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Oregon Gov. John Kitzhaber has proposed a state budget that would close a spending gap without tax increases.

Kitzhaber had hinted he would ask for steep cuts to health care, education and public safety – but schools and many state agencies would get roughly the same amount of money allotted in the current budget.

The governor’s 2011-13 budget proposes spending about $14.5 billion in general fund and lottery revenue, up about 8 percent from the current $13.5 billion two-year budget.

His school funding proposal is $5.56 billion, even with some recommended changes such as consolidating school districts, is short of the $5.8 billion education lobbyists say is needed.

Kitzhaber News Conference Announcing the Budget Plan


Children on the Outside: Voicing the Pain and Human Costs of Parental Incarceration

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Through expert analysis and first-hand testimony from children, parents and care-givers, Children on the Outside: Voicing the Pain and Human Costs of Parental Incarceration uncovers the devastating impact of parental incarceration on youth and the broader community and points to smart approaches to reduce prison populations and assist children. This new Justice Strategies report provides first-hand accounts of the harm experienced by some of the 1.7 million minor children with a parent in prison, a population that has grown with the explosion of the U.S. prison population.

When they do time we also do time. Just because we’re not in there doesn’t mean we don’t do time. Because you’re not with us, we also do time[.]

Araya, a teen girl with an incarcerated father.

The report details the challenges faced by children of incarcerated parents whose experience of grief and loss is compounded by economic insecurity, family instability, a compromised sense of self-worth, attachment and trust problems, and social stigmatization when their parents are incarcerated. The report outlines the ways in which parental incarceration can influence negative outcomes for youth, including mental health problems, possible school failure and unemployment, and antisocial and delinquent behavior.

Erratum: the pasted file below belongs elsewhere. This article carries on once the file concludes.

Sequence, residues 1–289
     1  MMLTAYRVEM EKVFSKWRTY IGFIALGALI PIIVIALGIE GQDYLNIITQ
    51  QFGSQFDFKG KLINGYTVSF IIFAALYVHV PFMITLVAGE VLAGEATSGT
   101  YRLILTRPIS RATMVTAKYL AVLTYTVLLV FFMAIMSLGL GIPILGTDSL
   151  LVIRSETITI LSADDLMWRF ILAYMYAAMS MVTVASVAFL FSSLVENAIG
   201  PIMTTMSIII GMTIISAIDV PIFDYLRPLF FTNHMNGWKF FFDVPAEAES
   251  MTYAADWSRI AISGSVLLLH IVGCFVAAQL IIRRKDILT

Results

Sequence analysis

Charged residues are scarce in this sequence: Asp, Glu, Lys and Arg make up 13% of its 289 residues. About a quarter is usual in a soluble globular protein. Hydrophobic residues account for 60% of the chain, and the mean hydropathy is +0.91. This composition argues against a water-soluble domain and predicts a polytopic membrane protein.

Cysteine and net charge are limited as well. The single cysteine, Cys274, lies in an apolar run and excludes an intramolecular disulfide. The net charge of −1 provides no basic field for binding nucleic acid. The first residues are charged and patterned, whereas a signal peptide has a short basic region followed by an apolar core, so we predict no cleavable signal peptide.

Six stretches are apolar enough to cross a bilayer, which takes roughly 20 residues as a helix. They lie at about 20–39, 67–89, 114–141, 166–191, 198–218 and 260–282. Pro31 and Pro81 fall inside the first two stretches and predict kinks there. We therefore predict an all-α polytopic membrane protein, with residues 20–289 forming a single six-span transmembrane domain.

As with the punitive consequences of our mandatory sentencing and mass incarceration policies, the impact of parental incarceration falls disproportionately on children of color. African American children are seven times and Latino children two and half times more likely to have a parent in prison than white children. The estimated risk of parental imprisonment for white children by the age of 14 is one in 25, while for black children it is one in four by the same age.

Prepared by Patricia Allard and Judith Greene, “Children on the Outside” urges a shift from failed “tough on crime” policies toward a public health and safety strategy that includes evidence-based treatment options and reducing reliance on incarceration. The report provides concrete steps to moderate the negative impact of parental incarceration on children and points to existing and promising approaches for cost-effective criminal justice policies that promote community health and safety. To illustrate this point the report compares New York, which has downsized prisons through drug reform, saved money, and seen larger decreases in crime with Alabama, a state with higher incarceration rates.

Key findings from the report include:

The U.S. Bureau of Justice Statistics (BJS) estimated that by 2007, more than half (53 percent) of the 1.5 million prisoners in the U.S. were parents of minor children – translating into more than 1.7 million children with an incarcerated parent. This represents an increase of 80 percent since 1991.

Nearly one quarter of these children are age four or younger, and more than a third will become adults while their parent remains behind bars.

Parental imprisonment is associated with:

Data compiled at BJS shows that the acute problem of racial disparity behind bars is also reflected among the children of incarcerated parents, with black children seven and a half times more likely than white children to have a parent in prison.

While only one in 25 white children born in 1990 had a parent who was imprisoned, one in four black children born that year had a parent imprisoned.